Wednesday, April 20, 2016
Implicit Bias In Law Review Article Selection
Michael J. Higdon (Tennessee), Beyond the Metatheoretical: Implicit Bias in Law Review Article Selection, 51 Wake Forest L. Rev. ___ (2016):
Every year, law review editors around the country are forced to select which authors, out of the hundreds who annually submit articles, to extend offers of publication. For law review editors, these are stressful times given 1) the short time frame they have for reading and assessing this ever growing number of submissions and 2) the fear that a poor selection on their part could potentially embarrass both themselves and their law schools. Although legal scholars sometimes forget about article selection from the perspective of the hurried, stressed law review editor, everyone in the academy should be somewhat concerned about the current process. After all, numerous studies have shown that, when people are asked to make decisions quickly and under stressful conditions, their decision-making is more likely to be influenced by implicit bias.
On some level, most legal scholars are aware of and begrudgingly accept this phenomenon. In fact, most legal scholars today, when assessing their likelihood of getting a “good” placement, must take into account not only the substance of the piece they are submitting, but the proxies law review editors typically employ to help ascertain “quality” — such proxies include the author’s institution, her alma mater, her publication history, her subject matter, and her overall “fame” within the legal academy. And, to the extent they can, authors actively use those proxies when marketing their articles in hopes of gaining a higher placement.
It is the position of this Article that, although such proxies may be useful in determining the potential virtue of an article under consideration, blind adherence to those attributes alone can result in publications that fail to represent both the breadth of the excellent legal scholarship that currently exists and also the diversity of individuals contributing to that discourse. Thus, recognizing that student-edited journals are here to stay, this Article offers suggestions on how student editors can continue to discharge the weighty jobs they have been given yet, at the same time, minimize the potential for implicit bias in article selection. To make that point, this Article discusses the social science literature on the role implicit bias plays in decision-making with the goal of applying that literature to law review article selection. And, indeed, by looking at the current understanding of the law review submission process, including 1) what studies have revealed about the proxies law review editors rely on in assessing quality and 2) the corresponding marketing techniques law professors use in an attempt to gain higher placements, we see that much bias already exists in our discipline — and this bias has the potential to adversely affect an array of legal scholars: scholars from less prestigious schools, scholars who hold less prestigious titles, scholars who engage in more practical scholarship, scholars who write on less politically popular subjects, and even those scholars who happen to be female or a racial minority. By pointing out these dangers and offering suggestions on ways in which law review editors might attempt to neutralize such bias, this Article hopes journals might improve the degree to which their publications reflect the rich diversity that exists in the legal academy.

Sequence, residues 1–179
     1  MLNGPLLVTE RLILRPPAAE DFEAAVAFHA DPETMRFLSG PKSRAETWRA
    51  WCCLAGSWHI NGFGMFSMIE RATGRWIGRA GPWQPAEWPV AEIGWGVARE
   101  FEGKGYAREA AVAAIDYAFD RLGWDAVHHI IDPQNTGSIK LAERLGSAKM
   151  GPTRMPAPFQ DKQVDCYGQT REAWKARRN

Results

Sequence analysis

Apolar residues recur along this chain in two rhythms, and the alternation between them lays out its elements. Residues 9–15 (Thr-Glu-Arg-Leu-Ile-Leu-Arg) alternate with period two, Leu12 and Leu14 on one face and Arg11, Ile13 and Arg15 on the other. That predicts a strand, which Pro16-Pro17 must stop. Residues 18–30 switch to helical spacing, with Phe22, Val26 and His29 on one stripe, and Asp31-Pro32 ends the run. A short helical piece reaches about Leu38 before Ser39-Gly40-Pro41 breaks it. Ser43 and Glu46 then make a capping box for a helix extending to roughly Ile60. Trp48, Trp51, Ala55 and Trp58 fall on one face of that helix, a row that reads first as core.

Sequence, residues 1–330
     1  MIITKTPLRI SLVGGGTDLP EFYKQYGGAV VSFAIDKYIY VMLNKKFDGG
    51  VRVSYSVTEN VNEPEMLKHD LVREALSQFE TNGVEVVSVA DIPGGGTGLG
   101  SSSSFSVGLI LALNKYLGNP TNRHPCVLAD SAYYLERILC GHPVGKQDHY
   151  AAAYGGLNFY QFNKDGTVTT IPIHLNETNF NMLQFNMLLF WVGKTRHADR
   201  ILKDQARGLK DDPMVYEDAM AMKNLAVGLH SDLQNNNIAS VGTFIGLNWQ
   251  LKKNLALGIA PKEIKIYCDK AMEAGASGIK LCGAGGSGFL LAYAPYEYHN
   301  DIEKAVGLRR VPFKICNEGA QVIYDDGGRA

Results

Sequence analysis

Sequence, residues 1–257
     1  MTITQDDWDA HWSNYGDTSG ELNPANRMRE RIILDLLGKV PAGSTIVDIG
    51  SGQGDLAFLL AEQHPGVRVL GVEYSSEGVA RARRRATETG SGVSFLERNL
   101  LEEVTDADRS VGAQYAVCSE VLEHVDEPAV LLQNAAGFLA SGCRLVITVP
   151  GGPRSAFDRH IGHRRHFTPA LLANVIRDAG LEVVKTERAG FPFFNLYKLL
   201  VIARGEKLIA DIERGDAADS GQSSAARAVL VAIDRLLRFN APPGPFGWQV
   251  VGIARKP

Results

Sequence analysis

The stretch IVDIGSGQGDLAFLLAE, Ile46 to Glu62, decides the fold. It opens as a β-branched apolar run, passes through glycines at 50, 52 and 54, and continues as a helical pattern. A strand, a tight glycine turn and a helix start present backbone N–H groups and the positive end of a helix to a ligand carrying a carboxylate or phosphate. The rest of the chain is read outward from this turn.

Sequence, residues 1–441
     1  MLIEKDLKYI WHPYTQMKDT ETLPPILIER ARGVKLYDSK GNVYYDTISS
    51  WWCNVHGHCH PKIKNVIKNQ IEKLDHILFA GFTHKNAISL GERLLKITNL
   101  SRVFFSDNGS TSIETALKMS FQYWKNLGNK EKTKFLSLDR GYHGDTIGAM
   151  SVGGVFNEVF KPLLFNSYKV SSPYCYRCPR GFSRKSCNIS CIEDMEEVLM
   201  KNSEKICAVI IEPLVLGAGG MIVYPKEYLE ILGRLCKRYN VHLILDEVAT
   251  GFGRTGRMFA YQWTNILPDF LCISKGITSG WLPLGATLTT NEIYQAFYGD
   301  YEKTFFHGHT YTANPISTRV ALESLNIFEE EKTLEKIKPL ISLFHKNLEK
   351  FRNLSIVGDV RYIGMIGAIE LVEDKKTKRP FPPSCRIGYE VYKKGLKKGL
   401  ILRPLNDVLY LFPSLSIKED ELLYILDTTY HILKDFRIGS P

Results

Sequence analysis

So it's okay when professors rank, categorize, and treat students disparately based on students' perceived prestige, but not the other way around? K.
Posted by: Anon3L | Apr 20, 2016 7:23:02 PM